Where can I live in Canada without a car?

Vancouver, British Columbia

With an extensive SkyTrain system, a comprehensive bus network, and numerous bike lanes, Vancouver is very accessible without a car.

Toronto, Ontario

Toronto boasts a widespread subway system, streetcars, and buses. Its downtown area is quite walkable and there are numerous cycling lanes as well.

Montreal, Quebec

Known for its efficient Metro system, frequent buses, and bike-friendly routes, Montreal is another city where you could live without a car.

Ottawa, Ontario

Ottawa has an extensive public transit system, including a light rail transit system, buses, and cycling lanes.

Victoria, British Columbia

A smaller city, Victoria is known for being bike-friendly and also has a good bus system.

Quebec City, Quebec

Quebec City’s compact nature makes it pedestrian-friendly and its efficient public transport system complements this.

Halifax, Nova Scotia

Halifax offers a decent public transit system with buses and ferries. The downtown area is particularly walkable.

How To Live In Canada Without A Car?

1. Walking

let’s look at the most straightforward, and maybe the oldest way to move around – walking. Yeah, you read it right, walking. Many Canadian towns and cities, like Vancouver and Toronto, are well-known for their pedestrian-friendly roads.

Broad sidewalks, safe crossings, and plenty of signs to guide you around. Plus, the scenery can be breathtaking. Picture this: a quiet stroll under maple trees, a hot cup of coffee in hand, the city buzzing softly in the background. Sounds good, huh? And it’s not just the walk-friendly cities, some smaller towns and neighborhoods are also quite walkable.

So, if you like to move around the old-fashioned way, Canada might just be your place.

2. Public Transport

Now, let’s talk about buses, trains, and all that. Public transport is often seen as an alternative to owning a car. Canada’s public transport systems, particularly in urban areas, are usually quite reliable. Buses and trams run in cities, towns, and even some rural areas.

The metros and trains are smooth, fast, and on time. And don’t forget about the ferries that can whisk you away to beautiful islands and coastal regions.

3. Biking

If you’re more of an adventurous type, biking could be your way to move around. Canadian cities like Vancouver, Montreal, and Ottawa have developed extensive cycling routes over the years. These cities have dedicated lanes for bikes, making them safe for cyclists.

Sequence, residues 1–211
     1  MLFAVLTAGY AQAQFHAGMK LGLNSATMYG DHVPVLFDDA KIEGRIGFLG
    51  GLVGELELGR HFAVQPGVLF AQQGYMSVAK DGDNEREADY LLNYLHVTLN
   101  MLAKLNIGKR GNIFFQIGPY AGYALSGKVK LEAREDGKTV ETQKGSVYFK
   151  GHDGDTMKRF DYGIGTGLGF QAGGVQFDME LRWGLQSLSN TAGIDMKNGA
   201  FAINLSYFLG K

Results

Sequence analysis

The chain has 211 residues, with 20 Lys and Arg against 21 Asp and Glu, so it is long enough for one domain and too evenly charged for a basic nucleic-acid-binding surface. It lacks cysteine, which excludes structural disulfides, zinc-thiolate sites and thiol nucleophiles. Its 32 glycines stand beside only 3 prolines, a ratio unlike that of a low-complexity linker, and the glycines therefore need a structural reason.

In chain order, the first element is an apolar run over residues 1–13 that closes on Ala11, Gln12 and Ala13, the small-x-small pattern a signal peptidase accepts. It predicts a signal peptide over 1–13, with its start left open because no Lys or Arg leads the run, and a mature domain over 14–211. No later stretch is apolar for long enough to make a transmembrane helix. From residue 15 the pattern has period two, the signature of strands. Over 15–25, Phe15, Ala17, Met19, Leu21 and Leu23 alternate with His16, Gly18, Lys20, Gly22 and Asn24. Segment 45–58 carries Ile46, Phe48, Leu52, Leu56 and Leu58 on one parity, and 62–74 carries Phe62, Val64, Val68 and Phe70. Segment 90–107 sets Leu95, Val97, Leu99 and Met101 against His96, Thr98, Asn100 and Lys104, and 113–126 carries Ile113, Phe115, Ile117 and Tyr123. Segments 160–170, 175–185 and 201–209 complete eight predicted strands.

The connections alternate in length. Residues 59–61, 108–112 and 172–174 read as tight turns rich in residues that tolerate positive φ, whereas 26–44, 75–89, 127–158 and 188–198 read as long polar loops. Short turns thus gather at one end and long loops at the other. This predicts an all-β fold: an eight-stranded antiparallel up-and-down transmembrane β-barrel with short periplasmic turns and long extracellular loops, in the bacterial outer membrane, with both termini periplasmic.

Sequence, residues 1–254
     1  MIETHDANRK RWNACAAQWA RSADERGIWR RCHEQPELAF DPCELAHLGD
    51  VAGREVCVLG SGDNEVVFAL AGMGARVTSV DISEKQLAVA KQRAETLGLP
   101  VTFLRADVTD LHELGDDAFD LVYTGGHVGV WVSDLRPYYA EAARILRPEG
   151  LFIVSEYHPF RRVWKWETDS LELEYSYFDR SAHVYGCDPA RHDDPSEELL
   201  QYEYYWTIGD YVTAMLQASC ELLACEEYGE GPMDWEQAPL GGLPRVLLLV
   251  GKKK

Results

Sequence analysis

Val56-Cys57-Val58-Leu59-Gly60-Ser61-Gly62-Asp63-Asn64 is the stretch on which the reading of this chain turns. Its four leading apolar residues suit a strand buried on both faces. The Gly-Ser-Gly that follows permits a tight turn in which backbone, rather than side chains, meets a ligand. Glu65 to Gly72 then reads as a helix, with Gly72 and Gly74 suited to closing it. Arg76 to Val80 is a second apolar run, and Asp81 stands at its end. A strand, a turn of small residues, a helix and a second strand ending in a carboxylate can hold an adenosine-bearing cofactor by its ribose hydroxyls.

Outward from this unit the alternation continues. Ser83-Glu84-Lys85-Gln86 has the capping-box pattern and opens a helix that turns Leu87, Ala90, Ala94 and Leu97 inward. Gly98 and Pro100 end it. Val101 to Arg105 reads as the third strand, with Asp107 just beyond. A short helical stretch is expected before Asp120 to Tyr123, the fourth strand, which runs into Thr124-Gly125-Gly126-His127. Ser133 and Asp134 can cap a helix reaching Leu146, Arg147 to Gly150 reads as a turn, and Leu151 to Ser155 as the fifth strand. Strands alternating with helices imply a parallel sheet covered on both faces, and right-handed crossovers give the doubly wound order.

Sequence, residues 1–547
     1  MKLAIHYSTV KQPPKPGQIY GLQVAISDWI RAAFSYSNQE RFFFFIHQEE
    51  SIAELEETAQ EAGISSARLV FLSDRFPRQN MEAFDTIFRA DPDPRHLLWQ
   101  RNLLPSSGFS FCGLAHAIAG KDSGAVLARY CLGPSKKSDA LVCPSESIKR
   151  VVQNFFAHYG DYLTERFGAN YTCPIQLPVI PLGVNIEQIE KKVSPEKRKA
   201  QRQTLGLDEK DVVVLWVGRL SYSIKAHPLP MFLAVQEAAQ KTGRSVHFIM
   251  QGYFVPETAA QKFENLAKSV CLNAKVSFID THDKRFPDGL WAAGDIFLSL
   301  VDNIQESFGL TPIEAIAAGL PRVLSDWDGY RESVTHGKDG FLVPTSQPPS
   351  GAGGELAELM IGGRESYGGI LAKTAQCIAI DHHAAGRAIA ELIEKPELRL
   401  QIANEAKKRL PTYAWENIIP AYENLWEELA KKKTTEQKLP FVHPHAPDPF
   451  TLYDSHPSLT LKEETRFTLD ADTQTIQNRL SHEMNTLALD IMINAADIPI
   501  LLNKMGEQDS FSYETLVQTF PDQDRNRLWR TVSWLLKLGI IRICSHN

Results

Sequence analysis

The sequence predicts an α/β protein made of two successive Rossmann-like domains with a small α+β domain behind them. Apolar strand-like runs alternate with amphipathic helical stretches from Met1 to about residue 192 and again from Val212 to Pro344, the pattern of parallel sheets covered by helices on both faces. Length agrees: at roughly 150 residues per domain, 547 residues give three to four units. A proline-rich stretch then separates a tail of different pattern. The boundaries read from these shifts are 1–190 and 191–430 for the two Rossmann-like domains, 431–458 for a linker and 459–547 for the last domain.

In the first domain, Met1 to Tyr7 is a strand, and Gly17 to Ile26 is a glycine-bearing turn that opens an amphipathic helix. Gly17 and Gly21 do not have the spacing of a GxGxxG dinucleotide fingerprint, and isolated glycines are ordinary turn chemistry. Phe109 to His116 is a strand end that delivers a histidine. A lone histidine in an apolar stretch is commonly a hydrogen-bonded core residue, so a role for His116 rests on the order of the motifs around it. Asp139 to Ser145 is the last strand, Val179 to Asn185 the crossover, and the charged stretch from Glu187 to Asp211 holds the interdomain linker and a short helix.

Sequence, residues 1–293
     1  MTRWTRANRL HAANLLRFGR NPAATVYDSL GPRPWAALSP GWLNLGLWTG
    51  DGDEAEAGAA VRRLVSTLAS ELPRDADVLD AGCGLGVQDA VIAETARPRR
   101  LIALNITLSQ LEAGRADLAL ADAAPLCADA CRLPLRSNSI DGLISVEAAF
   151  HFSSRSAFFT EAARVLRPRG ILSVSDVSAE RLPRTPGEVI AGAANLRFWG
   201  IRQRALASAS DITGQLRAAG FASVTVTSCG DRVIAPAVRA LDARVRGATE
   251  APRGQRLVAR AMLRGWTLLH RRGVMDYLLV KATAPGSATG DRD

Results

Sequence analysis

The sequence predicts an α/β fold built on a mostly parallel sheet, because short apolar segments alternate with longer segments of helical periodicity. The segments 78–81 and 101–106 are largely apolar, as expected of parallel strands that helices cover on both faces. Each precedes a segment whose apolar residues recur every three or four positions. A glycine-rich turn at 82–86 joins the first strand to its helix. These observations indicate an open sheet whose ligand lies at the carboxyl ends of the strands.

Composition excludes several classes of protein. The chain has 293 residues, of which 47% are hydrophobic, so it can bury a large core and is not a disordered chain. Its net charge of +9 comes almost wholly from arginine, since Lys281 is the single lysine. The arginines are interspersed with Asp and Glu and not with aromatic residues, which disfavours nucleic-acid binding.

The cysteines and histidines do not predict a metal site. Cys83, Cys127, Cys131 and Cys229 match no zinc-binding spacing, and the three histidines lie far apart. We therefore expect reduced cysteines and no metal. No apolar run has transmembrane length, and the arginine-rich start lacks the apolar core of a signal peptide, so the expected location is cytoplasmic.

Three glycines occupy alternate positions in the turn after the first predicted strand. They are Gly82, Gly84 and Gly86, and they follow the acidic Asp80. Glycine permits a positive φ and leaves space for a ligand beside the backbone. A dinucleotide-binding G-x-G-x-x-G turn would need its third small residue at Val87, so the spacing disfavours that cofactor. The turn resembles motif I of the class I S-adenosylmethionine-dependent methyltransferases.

Plus, it’s a fun, healthy, and green way to travel. You get to enjoy the natural beauty, stay fit, and save the environment, all at the same time. Now, that’s a win-win situation, right?

4. Car-sharing and Taxis

Of course, there are times when you might need a car. Maybe it’s a big grocery shopping day or a weekend getaway. But hey, who said you need to own a car for that?

Car-sharing services and taxis are quite common in Canada. Companies like Uber, Lyft, and local taxi services are there when you need them. Besides, there are also car rental services for those times when you need a car for a longer period.

5. Remote Work

Remote Work

The world has changed a lot in recent years. Many jobs now let you work from home. With a laptop and a good internet connection, you’re all set. This trend has taken a lot of cars off the roads and made living without one even more possible. If you’re someone who works from home, the need for a daily commute is gone. Your home becomes your office, and the world is just a click away.

6. Living Locally

We can’t forget about the joy of living locally. Many Canadian neighborhoods have everything you need within walking distance. Grocery stores, cafes, schools, parks, and more.

You might just find yourself becoming part of a close-knit community. And you know what? Living this way can be very satisfying. There’s a certain charm in knowing your neighbors, visiting your local shops, and being part of your community.

So, there we have it, folks. Living in Canada without a car might not only be possible but could also be a fantastic experience. It’s about slowing down, saving money, and embracing a different way of life. It’s not for everyone, but if you’re open to new possibilities, it might just be for you. And who knows? It could